Breurec, Sebastien, et al. "Serotype Distribution and Antimicrobial Resistance of Human Salmonella Enterica in Bangui, Central African Republic, From 2004 to 2013." PLoS Neglected Tropical Diseases, vol. 13, no. 12, 2019, pp. e0007917.
Breurec S, Reynaud Y, Frank T, et al. Serotype distribution and antimicrobial resistance of human Salmonella enterica in Bangui, Central African Republic, from 2004 to 2013. PLoS Negl Trop Dis. 2019;13(12):e0007917.
Breurec, S., Reynaud, Y., Frank, T., Farra, A., Costilhes, G., Weill, F. X., & Le Hello, S. (2019). Serotype distribution and antimicrobial resistance of human Salmonella enterica in Bangui, Central African Republic, from 2004 to 2013. PLoS Neglected Tropical Diseases, 13(12), pp. e0007917. doi:10.1371/journal.pntd.0007917.
Breurec S, et al. Serotype Distribution and Antimicrobial Resistance of Human Salmonella Enterica in Bangui, Central African Republic, From 2004 to 2013. PLoS Negl Trop Dis. 2019;13(12):e0007917. PubMed PMID: 31790418.
* Article titles in AMA citation format should be in sentence-case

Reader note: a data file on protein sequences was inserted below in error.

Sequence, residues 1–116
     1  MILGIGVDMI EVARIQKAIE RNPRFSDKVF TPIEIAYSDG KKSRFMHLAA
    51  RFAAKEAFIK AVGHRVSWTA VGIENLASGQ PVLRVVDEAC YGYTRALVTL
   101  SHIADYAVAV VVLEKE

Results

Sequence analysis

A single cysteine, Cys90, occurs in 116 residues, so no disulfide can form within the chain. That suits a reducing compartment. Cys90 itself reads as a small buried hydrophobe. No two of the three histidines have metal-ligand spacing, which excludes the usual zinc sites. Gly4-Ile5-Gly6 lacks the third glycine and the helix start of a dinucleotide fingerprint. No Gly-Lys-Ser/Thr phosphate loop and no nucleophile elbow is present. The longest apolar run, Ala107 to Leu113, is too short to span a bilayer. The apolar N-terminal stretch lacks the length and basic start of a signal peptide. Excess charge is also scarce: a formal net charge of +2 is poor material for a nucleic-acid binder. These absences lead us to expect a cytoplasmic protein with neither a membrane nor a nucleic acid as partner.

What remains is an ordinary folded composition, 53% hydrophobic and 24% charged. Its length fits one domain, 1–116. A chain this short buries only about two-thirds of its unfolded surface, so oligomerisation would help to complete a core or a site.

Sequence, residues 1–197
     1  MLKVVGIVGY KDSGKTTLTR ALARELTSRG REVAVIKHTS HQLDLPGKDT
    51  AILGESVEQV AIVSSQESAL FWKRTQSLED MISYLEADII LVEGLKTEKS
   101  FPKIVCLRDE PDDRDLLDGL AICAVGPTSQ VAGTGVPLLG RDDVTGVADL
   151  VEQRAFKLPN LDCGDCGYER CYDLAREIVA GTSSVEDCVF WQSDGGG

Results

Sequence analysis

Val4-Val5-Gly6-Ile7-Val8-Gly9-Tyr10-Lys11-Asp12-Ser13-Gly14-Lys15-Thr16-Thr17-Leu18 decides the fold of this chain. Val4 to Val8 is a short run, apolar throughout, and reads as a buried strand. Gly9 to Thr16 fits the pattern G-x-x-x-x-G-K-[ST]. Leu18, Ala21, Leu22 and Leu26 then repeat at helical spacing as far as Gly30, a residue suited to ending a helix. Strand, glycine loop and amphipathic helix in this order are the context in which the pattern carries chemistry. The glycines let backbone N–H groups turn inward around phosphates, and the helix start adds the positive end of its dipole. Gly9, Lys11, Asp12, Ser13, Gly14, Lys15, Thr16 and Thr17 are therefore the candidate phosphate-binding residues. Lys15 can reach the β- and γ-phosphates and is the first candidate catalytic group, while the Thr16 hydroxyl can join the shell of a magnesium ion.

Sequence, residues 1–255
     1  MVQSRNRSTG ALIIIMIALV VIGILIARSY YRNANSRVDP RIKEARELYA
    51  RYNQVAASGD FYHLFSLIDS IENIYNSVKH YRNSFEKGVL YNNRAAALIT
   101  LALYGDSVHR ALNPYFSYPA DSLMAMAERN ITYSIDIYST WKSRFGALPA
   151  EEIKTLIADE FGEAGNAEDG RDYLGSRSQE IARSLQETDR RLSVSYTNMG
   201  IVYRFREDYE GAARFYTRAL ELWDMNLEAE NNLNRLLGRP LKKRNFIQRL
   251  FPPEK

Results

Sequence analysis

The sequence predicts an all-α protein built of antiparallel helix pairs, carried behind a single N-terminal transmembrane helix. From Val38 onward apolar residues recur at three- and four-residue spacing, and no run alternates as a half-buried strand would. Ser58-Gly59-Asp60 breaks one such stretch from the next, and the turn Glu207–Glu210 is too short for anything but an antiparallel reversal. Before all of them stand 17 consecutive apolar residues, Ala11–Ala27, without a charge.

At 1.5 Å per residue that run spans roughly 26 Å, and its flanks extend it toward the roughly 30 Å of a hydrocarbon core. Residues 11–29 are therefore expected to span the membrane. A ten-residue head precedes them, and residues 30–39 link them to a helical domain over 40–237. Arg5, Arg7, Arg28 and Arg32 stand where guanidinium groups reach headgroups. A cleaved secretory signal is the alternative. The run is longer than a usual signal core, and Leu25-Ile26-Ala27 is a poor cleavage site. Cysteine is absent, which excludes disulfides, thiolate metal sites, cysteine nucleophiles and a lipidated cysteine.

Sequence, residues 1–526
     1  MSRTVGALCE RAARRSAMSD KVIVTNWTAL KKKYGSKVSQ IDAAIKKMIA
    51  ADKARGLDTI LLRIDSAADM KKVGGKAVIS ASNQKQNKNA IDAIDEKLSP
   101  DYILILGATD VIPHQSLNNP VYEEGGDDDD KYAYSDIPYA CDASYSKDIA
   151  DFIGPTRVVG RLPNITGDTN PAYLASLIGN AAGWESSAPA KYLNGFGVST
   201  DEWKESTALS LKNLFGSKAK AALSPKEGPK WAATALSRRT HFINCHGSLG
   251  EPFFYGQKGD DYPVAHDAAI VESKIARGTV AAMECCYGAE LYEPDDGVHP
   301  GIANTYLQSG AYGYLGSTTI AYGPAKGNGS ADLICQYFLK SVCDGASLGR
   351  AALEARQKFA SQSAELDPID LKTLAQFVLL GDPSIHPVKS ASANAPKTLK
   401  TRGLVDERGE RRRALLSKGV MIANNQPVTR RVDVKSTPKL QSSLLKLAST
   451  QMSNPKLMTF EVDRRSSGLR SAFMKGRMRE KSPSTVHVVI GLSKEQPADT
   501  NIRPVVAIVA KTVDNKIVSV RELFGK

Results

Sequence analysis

TY - JOUR T1 - Serotype distribution and antimicrobial resistance of human Salmonella enterica in Bangui, Central African Republic, from 2004 to 2013. AU - Breurec,Sebastien, AU - Reynaud,Yann, AU - Frank,Thierry, AU - Farra,Alain, AU - Costilhes,Geoffrey, AU - Weill,François-Xavier, AU - Le Hello,Simon, Y1 - 2019/12/02/ PY - 2019/06/12/received PY - 2019/11/11/accepted PY - 2019/12/12/revised PY - 2019/12/4/pubmed PY - 2019/12/4/medline PY - 2019/12/3/entrez SP - e0007917 EP - e0007917 JF - PLoS neglected tropical diseases JO - PLoS Negl Trop Dis VL - 13 IS - 12 N2 - BACKGROUND: Limited epidemiological and antimicrobial resistance data are available on Salmonella enterica from sub-Saharan Africa. We determine the prevalence of resistance to antibiotics in isolates in the Central African Republic (CAR) between 2004 and 2013 and the genetic basis for resistance to third-generation cephalosporin (C3G). METHODOLOGY/PRINCIPAL FINDINGS: A total of 582 non-duplicate human clinical isolates were collected. The most common serotype was Typhimurium (n = 180, 31% of the isolates). A randomly selected subset of S. Typhimurium isolates were subtyped by clustered regularly interspaced short palindromic repeat polymorphism (CRISPOL) typing. All but one invasive isolate tested (66/68, 96%) were associated with sequence type 313. Overall, the rates of resistance were high to traditional first-line drugs (18-40%) but low to many other antimicrobials, including fluoroquinolones (one resistant isolate) and C3G (only one ESBL-producing isolate). The extended-spectrum beta-lactamase (ESBL)-producing isolate and three additional ESBL isolates from West Africa were studied by whole genome sequencing. The blaCTX-M-15 gene and the majority of antimicrobial resistance genes found in the ESBL isolate were present in a large conjugative IncHI2 plasmid highly similar (> 99% nucleotide identity) to ESBL-carrying plasmids found in Kenya (S. Typhimurium ST313) and also in West Africa (serotypes Grumpensis, Havana, Telelkebir and Typhimurium). CONCLUSIONS/SIGNIFICANCE: Although the prevalence of ESBL-producing Salmonella isolates was low in CAR, we found that a single IncHI2 plasmid-carrying blaCTX-M-15 was widespread among Salmonella serotypes from sub-Saharan Africa, which is of concern. SN - 1935-2735 UR - https://www.unboundmedicine.com/medline/citation/31790418/Serotype_distribution_and_antimicrobial_resistance_of_human_Salmonella_enterica_in_Bangui,_Central_African_Republic,_from_2004_to_2013 L2 - http://dx.plos.org/10.1371/journal.pntd.0007917 DB - PRIME DP - Unbound Medicine ER -